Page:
What is Corruption?

What is Corruption?

What is corruption? When you look for the term corruption on google you usually encounter a fairly basic understanding of the problem of corruption: “dishonest or fraudulent conduct by those in power, typically involving bribery”. But is it really this simple?

In this article Ben Wheatland, a graduate of the MA in Corruption & Governance from the University of Sussex, and Jason Deegan, Anti Corruption International President, seek to explore the ways in which corruption can appear, and what may constitute corruption.

First in the interests of transparency we should clear with anybody reading this what the Anti Corruption International definition of corruption is. We define corruption as “an abuse of imbued power for private and/or collective gain”.

So what do we understand as corruption? Well that’s a tricky question. Corruption is not one single act. It includes bribery (a term that itself encompasses a whole host of acts), but can also cover things like fraud, sexual exploitation, lobbying and whistleblowing. There are a whole host of acts that the term ‘corruption’ covers.

Moreover, corruption is not necessarily a stationary set of actions. Recent innovations in technology have led to innovations in how corruption presents itself. Advances in global trade and communications, for example, means that for one to evade tax they don’t have to bribe a tax official. They just have to route their finances through offshore bank accounts. This means pinning down what corruption is can prove difficult in many cases.

However in other cases, it remains broadly the same as it has for centuries. Small-scale corruption, often termed “petty corruption”, is the kind of corrupt act that many people come into contact with every day. This often includes the sort of corruption that people immediately think of when asked how to define corruption. Road police taking bribes to allow motorists off of a fine, immigration officials taking bribes to process a visa more quickly, a school teacher taking a bribe to give a favourable grade.

And whilst this may be the case, many will be searching to understand corruption by using the title of this article, “What is Corruption?”, to understand if their behaviour is corrupt; have they contributed to corruption? Well, if you are the one paying the bribe to the road police, if you are paying bribes to get through immigration quicker, if you are willing to pay a bribe to a teacher, most likely the answer is yes.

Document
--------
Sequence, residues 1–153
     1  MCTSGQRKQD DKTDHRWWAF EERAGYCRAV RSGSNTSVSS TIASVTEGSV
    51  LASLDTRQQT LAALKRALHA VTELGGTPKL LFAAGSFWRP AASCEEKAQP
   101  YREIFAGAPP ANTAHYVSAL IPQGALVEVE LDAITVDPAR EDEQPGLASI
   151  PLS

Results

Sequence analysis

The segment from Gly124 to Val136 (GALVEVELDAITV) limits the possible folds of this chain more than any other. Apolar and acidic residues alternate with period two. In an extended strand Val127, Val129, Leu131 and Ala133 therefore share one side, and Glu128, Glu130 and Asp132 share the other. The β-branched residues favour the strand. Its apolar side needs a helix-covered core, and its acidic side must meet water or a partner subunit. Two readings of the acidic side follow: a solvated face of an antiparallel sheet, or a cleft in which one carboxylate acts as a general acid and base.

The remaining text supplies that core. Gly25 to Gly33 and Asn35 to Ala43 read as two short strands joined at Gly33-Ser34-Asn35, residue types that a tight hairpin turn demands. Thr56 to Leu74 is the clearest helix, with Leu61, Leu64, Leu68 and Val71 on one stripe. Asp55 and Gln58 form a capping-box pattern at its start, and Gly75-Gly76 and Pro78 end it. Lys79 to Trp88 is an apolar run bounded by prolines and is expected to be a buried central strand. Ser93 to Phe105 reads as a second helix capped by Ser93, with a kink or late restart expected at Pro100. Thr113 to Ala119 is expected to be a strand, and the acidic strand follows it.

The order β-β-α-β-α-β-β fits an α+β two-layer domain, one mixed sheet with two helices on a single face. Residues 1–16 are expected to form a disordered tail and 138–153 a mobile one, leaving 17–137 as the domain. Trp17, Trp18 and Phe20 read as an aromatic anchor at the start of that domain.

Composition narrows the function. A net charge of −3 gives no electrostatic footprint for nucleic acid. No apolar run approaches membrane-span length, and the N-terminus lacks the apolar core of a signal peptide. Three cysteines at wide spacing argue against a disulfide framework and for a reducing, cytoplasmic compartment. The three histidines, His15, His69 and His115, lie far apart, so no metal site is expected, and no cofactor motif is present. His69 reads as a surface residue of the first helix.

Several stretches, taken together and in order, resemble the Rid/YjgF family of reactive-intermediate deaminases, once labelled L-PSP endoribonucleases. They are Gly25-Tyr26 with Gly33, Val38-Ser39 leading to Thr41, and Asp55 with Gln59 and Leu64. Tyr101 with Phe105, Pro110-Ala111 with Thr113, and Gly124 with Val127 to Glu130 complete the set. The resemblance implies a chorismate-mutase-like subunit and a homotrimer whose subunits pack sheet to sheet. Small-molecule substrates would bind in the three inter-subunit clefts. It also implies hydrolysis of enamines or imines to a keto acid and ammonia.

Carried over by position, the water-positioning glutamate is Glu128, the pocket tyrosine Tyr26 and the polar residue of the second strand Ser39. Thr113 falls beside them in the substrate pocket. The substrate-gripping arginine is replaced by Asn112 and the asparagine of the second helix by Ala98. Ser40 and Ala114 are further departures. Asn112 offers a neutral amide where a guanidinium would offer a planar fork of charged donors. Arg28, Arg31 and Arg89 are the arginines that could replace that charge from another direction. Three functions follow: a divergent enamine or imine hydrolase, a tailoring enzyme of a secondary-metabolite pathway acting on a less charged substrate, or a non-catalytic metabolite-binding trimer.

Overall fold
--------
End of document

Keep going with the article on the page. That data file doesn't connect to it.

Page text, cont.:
But don’t despair. With advances in technology that enables corruption, so too can their advances help curb it. Many governments are now far more able to provide information relating to procurement and expenditure – if they so wish, that is. Communication is also greatly improved and in the information age this allows for networks to develop that can be used to fight corruption.

Corruption however, is not always so clear cut. In some extreme cases, corruption can be the difference between life and death, and can pose a difficult situation for people. In one case we in ACI encountered, a young woman whose family member was ill in hospital. Although payment was made via the official channels, a doctor still sought a bribe to treat the ill person. This situation highlights the challenges corruption can create. Is it right for a food-aid charity to pay a bribe at a country’s border to allow them to take their vital supplies to a famine-stricken village? These questions can strike right to the core of corruption and what it is and how it can be addressed.

It is also important to remember that corruption, and in particular how it is perceived, changes depending on where you are in the world. Different cultures see different things as fundamentally corrupt. Whereas in one country, the bottle of wine to say thank you to a doctor for their good work is seen as normal, in another such a gift could be seen as attempting to ensure good service for the future. In another example, in some places giving a gift to a friend in order for him to hire your son or daughter at his company is acceptable practice, whereas in another country this would be seen as direct bribery and possibly nepotism.

This poses a problem for those who would seek to apply a one-size-fits-all approach to tackling corruption. Perhaps it makes more sense to tailor anti-corruption activities to the specific needs of a community, country or region.

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